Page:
Explore the latest projects from the UK’s commercial interiors industry, featuring the best of workspace, hospitality, living and public sectors.

David Collins Studio reveals its latest hospitality haunt in Chicago

Occupying two floors of the luxury St. Regis hotel, Tre Dita (and its accompanying Bar Tre Dita) is hailed as the ‘first certified Tuscan restaurant in the US’.

18/04/2024 2 min read

Interviews, opinions and profiles from industry experts

Complete experience: the radical design of Knoll

We explore how Knoll has been revolutionising how people experience office, hospitality and residential interiors since 1938.

10/04/2024 5 min read

Discover the latest and most innovative products curated by Mix Interiors.


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Discover the latest news and company profiles from the companies shaping the UK commercial interiors industry.

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In celebration of craft: seven spaces showcasing tradition and technique

From Auckland to Edinburgh, we handpick a selection of interiors that spotlight artisanal design and meticulously crafted materials.


5 min read

22 Bishopsgate, Bill Amberg Studio

Freehaus celebrates heritage and diversity at The Africa Centre’s home

Sixty years after it was first established in Covent Garden as a ‘home from home’ for Africans in London, Freehaus took a nondescript 1960s office building and guided its transformation into ‘the most welcoming cultural space in London’ –  a 21st-century institution that reflects the rich heritage and diversity of the African continent and diaspora. Freehaus took on the multi-faceted challenge of intelligently representing the diverse cultures and heritages that make up modern Africa, while also creating a forward-looking space that maintains a connection to The Africa Centre’s six-decade history.

Rather than focusing on particular motifs or patterns, Freehaus identified specific areas and themes, encompassing expressed thresholds, tactile surfaces, quality of light and practices of reuse and appropriation, collaborating with interior designer Tola Ojuolape and brand designer, Mam’gobozi Design Factory. The interiors are enriched by natural clay plaster finishes, bespoke furniture and thoughtfully curated art – celebrating African craft and championing contemporary talents.

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Conran and Partners reference Māori heritage and craft at Park Hyatt, Auckland

Striking a careful balance between the urban landscape and New Zealand’s rich heritage, Conran and Partners’ approach to designing the Park Hyatt hotel was influenced by the surrounding harbour’s strong sense of place and the hotel’s close relationship to the vibrant city’s urban grain – as well as the maritime character of the area and multicultural society.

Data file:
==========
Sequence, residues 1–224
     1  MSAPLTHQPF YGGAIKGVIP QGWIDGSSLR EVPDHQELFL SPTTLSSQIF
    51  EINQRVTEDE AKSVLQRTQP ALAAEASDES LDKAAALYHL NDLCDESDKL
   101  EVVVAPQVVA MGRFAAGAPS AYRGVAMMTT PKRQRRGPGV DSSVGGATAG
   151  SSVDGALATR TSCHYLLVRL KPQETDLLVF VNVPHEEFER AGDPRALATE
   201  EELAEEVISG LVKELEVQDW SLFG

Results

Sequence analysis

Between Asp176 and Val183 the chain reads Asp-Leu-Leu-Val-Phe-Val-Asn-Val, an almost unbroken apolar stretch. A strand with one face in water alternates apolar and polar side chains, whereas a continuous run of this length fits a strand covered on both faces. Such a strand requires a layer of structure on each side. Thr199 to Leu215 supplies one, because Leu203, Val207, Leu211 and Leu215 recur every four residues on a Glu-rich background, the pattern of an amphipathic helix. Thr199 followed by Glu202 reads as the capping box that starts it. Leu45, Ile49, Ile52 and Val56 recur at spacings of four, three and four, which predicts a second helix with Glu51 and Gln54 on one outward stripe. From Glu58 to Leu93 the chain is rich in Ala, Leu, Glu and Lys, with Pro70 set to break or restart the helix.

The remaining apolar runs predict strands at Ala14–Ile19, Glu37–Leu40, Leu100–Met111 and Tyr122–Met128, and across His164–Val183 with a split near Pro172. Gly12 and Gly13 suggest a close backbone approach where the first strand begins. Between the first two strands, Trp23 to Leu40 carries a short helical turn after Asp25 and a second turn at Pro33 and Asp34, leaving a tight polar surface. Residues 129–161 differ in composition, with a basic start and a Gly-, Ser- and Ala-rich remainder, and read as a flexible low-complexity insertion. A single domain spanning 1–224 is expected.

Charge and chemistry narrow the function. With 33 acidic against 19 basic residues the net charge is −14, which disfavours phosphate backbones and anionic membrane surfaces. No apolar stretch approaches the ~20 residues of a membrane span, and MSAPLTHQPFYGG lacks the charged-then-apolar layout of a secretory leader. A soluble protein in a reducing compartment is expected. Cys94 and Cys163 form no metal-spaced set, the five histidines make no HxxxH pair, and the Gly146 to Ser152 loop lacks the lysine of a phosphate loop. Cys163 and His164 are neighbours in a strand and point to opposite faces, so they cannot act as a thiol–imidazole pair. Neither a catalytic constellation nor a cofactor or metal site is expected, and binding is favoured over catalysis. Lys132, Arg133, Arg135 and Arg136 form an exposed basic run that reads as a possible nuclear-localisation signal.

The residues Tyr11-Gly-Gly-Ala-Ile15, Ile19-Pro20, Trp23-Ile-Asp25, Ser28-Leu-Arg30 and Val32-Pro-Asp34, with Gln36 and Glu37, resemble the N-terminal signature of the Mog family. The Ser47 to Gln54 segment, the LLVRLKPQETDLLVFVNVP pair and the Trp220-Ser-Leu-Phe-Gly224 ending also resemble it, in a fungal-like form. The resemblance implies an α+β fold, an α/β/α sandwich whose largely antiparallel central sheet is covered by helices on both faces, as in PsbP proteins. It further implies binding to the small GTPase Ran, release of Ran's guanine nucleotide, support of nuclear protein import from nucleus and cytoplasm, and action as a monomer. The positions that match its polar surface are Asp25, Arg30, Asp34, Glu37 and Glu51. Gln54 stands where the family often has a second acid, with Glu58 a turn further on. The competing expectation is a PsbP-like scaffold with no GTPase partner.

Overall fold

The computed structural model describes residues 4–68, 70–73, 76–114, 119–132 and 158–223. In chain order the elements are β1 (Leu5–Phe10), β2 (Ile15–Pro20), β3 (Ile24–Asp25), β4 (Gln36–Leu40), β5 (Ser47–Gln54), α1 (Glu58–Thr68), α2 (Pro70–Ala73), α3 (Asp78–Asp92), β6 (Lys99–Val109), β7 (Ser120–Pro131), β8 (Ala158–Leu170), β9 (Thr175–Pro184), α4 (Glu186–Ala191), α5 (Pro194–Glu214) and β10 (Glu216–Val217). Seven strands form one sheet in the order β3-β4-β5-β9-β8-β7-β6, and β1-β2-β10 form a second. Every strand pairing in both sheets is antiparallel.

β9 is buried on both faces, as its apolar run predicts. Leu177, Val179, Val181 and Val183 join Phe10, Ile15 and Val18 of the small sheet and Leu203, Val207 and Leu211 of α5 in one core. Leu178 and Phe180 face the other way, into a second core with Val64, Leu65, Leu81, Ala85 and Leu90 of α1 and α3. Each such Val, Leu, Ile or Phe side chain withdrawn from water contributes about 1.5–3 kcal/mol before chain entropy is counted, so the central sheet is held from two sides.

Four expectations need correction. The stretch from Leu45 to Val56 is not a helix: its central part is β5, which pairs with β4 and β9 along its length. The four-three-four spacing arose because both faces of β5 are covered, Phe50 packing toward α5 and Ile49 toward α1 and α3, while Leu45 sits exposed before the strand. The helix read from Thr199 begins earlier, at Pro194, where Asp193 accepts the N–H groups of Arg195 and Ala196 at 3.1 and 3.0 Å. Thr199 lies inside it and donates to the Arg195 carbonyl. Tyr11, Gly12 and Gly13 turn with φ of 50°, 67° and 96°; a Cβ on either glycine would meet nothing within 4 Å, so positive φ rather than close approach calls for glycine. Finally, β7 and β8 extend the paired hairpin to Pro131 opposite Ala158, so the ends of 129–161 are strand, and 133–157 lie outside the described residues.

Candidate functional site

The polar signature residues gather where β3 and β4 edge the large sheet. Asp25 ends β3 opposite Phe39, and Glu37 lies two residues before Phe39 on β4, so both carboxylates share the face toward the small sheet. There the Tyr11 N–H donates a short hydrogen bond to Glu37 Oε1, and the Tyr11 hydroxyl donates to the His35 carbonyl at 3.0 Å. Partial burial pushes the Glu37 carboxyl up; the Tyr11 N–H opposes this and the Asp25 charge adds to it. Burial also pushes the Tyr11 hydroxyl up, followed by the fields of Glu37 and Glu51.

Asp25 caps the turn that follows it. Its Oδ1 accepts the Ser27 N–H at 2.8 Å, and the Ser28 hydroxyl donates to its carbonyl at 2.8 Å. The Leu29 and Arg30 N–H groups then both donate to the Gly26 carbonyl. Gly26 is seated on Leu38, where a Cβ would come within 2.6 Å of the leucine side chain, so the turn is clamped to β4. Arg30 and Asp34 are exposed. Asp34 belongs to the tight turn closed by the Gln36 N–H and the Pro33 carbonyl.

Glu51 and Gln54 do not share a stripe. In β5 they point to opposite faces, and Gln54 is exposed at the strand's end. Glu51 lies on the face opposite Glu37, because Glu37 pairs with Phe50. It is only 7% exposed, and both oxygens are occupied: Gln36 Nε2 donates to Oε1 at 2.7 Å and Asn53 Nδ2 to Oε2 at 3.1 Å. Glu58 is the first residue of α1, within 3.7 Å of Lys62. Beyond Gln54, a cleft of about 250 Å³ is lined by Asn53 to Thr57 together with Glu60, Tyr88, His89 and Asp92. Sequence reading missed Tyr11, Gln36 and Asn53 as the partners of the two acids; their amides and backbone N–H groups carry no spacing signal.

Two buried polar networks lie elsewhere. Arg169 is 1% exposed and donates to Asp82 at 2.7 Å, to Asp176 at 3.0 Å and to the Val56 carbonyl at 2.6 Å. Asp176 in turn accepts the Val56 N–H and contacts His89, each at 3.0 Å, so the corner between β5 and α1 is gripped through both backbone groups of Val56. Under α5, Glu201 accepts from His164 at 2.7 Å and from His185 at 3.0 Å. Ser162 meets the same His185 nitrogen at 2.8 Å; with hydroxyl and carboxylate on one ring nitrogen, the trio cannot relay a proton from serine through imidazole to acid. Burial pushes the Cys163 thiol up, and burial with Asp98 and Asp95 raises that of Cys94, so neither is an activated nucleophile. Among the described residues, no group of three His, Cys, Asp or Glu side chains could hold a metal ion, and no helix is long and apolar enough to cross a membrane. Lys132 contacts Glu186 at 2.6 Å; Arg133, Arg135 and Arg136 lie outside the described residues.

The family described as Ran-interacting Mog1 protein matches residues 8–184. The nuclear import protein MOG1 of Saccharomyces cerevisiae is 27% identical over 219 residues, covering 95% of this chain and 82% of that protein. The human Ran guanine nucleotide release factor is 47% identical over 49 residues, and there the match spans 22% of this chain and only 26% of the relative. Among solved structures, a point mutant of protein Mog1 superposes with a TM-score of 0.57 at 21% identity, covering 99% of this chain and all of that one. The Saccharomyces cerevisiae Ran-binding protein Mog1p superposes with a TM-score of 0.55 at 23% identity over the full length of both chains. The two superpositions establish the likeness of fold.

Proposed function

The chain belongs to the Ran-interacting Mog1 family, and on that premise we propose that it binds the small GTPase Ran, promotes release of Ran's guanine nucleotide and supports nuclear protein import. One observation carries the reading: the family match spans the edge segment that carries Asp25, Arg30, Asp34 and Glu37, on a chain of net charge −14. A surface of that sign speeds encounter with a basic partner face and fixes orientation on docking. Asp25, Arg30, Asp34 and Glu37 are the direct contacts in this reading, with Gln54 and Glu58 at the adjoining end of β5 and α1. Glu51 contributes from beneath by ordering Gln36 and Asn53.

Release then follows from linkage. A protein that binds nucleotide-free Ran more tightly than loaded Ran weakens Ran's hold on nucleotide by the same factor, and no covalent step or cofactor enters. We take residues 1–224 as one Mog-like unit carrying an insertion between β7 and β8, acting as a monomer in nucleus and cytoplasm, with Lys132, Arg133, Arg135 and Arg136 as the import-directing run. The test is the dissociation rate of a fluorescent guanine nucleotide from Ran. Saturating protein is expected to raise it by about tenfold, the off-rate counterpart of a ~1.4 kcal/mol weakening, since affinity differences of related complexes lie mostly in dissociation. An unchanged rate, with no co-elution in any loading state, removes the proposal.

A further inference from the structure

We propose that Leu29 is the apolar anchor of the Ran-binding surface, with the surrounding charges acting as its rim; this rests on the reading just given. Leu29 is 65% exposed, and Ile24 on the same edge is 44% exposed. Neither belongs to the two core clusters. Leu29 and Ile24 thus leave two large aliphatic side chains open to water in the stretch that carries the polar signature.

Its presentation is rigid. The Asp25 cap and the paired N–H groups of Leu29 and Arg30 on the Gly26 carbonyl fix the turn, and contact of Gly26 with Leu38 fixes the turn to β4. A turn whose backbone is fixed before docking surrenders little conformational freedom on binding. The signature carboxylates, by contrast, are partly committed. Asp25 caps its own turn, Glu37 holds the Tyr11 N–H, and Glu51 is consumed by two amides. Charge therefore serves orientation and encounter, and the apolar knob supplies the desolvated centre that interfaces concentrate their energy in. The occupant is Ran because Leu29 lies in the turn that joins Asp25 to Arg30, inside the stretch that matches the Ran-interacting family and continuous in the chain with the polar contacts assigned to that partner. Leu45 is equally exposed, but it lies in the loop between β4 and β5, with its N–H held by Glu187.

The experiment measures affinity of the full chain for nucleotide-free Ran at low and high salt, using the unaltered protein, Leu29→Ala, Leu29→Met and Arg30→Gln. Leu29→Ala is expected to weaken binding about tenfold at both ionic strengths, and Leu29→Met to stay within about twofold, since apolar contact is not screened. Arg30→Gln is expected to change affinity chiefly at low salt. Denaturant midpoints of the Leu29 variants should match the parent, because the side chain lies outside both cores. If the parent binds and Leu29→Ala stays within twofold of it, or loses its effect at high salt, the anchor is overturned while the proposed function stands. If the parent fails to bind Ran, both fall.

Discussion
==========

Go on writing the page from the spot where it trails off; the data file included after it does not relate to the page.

“We were mindful to preserve the local culture and values of the Māori – the sustainability approach has therefore had a very strong cultural presence,” explained the Conran and Partners team. Designed to reflect a wharenui meeting house, Māori artists and businesses were at the forefront of the design and guests are engaged with authentic, local culture from the outset. Working with the local iwi (people or tribe), large original works by Peata Larkin and woven tukutuku panels, created by artist Beronia Scott and her whānau (a complex Māori word meaning extended family or community) from the Ngāti Whātua Ōrākei, were commissioned to cement the hotel’s unique sense of place.

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London’s Red Room bar celebrates the art of interior design

Tucked away behind a velvet-curtained doorway, The Red Room at The Connaught hotel – the first new bar concept to open at the Mayfair institution in more than a decade – brings together female-focused artistry and intelligent design. Bryan O’Sullivan Studio’s collaboration with Maybourne Hotel Group features an eclectic mix of furniture and fine art, such as ‘‘I Am Rouge’, a never-before-seen piece in watercolour, gouache and pencil by the late French-American artist Louise Bourgeois takes centre stage above the central, Italian marble fireplace

A runway of mosaic – hand-cut and hand laid by Italian craftsmen – leads to the elegant, curved bar counter, while flanking the fireplace, are two sets of stained-glass windows in vivid reds and blues by celebrated British glass artist and painter Brian Clarke. Elsewhere, Murano glassware flecked with red and two custom-made trolleys – crafted from the same, red-veined marble as the fireplace – are supplied to decant and serve wine.

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Locke unveils its latest aparthotel inspired by Enge and Lake Zurich